This was followed by a case study on an online community for medical students to share their resources. Meducation includes student's notes and teaching materials they have developed as part of their course as well as some content from publishers (they are looking to expand this "premium" content). The use of the social networking element to crowd-source content that includes MCQs and question banks as well as learning resources seems to have been successful and a large number of med students have signed up to the site. It was interesting (as a librarian interloping on a publishers conference) to hear concerns expressed in the questions about the quality of information on the site (how do you quality control crowd-sourced material?) and copyright concerns  (what happens if someone posts publisher-owned content). The point was made that recommendations can act as a quality control mechanism - and also that there is a take down policy for owned content - the idea being that the risk of copyright being infringed shouldn't be a barrier to people adding the content that they have developed or own the rights to.

Next was a talk by Jonathon Crowe and Cathy Kennedy about BioscienceHorizons, an OA journal that publishes the research of UG students. The point was made that UG students often carry out a "real" research project that finds out something new and BioscienceHorizons gives an outlet for that. It was interesting to hear how they have been trying to raise the discoverability  of the journal articles by talking to Web of Science about getting listed. Another point of interest was that to be (truely) peer reviewed, Bioscience Horizons should be reviewed by undergraduates. This would require some more pedagogy to be developed in order to train UG students to be reviewers.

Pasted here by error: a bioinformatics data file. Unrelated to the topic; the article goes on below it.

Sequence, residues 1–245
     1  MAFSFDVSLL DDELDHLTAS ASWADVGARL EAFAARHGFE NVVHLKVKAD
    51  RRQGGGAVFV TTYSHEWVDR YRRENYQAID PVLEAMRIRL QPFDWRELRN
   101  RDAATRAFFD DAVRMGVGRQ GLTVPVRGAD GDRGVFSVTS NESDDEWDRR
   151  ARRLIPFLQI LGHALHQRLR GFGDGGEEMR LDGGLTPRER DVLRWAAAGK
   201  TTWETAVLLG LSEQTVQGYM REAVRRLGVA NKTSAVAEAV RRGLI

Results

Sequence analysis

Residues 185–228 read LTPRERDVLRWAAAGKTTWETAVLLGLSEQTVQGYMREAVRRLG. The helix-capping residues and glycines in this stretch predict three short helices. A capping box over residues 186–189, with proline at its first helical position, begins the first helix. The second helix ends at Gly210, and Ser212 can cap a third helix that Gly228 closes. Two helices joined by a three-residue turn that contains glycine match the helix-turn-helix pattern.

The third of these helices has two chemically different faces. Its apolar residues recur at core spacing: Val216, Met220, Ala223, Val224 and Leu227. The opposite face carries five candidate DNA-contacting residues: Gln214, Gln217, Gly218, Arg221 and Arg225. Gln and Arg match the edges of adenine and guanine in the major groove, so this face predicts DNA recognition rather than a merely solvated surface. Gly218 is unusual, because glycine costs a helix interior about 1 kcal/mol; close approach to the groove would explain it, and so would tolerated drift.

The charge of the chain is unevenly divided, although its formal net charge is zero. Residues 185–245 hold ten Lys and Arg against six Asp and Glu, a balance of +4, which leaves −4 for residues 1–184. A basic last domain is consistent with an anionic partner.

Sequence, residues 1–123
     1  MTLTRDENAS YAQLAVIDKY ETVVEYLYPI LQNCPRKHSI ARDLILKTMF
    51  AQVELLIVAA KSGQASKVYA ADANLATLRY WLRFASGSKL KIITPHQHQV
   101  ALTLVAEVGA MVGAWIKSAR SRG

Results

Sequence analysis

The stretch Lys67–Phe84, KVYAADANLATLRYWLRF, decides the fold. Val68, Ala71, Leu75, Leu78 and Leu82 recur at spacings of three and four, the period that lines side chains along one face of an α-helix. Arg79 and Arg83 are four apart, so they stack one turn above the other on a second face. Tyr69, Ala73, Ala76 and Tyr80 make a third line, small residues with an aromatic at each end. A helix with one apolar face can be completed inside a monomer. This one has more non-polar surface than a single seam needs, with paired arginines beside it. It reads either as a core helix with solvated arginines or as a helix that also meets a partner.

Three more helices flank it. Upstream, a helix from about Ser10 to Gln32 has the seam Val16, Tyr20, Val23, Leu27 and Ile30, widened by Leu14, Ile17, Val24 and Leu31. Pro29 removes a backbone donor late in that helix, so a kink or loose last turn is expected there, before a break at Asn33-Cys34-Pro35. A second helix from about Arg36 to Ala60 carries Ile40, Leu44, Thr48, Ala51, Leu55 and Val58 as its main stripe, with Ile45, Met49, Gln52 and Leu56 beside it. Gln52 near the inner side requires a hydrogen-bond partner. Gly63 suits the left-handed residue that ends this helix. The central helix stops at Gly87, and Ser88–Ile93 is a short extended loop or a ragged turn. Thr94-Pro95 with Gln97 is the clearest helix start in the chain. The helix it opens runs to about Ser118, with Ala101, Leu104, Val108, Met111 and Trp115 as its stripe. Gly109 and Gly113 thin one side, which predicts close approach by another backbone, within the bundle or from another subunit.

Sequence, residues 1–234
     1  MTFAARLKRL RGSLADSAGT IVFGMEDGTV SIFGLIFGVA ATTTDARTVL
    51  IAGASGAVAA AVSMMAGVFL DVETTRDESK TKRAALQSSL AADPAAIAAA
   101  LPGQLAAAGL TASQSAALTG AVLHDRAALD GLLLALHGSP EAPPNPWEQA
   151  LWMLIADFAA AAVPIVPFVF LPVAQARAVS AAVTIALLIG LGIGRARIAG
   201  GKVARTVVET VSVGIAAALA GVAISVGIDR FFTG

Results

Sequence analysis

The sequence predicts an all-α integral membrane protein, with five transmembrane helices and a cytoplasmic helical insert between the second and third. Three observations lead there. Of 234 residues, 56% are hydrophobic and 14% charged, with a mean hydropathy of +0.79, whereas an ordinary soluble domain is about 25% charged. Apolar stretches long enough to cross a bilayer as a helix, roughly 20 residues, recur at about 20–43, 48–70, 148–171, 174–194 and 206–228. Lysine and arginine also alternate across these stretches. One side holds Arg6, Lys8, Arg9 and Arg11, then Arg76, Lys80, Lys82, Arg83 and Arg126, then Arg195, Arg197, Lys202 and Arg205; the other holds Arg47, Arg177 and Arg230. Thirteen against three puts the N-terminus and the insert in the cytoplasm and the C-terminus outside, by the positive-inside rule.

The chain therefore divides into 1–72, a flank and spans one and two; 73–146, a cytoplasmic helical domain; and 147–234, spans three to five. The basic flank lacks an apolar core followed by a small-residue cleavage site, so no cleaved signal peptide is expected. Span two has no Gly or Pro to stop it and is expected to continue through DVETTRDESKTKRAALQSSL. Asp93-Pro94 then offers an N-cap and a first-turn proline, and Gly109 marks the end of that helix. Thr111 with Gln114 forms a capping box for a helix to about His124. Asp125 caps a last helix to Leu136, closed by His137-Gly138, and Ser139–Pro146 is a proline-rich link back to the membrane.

Finally, Linden Harris presented on the development of The State Papers Online. This is an online archive of 16th and 17th century British and European papers - born from digital preservation and access issues. Interesting as it gets over the fragmentation of these physical documents (i.e. some in BL some at National Archives).

Finally, finally - Jane Powell did an impromptu presentation on research on how the White Paper is changing perceptions. You can access the research via Shift Learning's twitter stream.

For me the most valuable part of the day was the student forum. Some key points from the student responses were:

*Students want to be consulted on the content of their reading lists;
*If they are paying higher fees, students expect their institution to provide access to the materials  (rather than buying their own copies);
*Financially, students will feel less able to buy their own copy whe they are going into debt to study;
*Students want content that they can download to mobile devices and readers;
*Students value the library and librarians as a quality control mechanism for evaluating information.

It seems that librarians are key to the future business of publishers. All of the indications from today are that publishers need to move from a model where they sell direct to students to institutions providing content to their students. Librarians can and should be the locus between students, academics and publishers to ensure that the institutional content is academically appropriate but learner centered...

No comments:

Post a Comment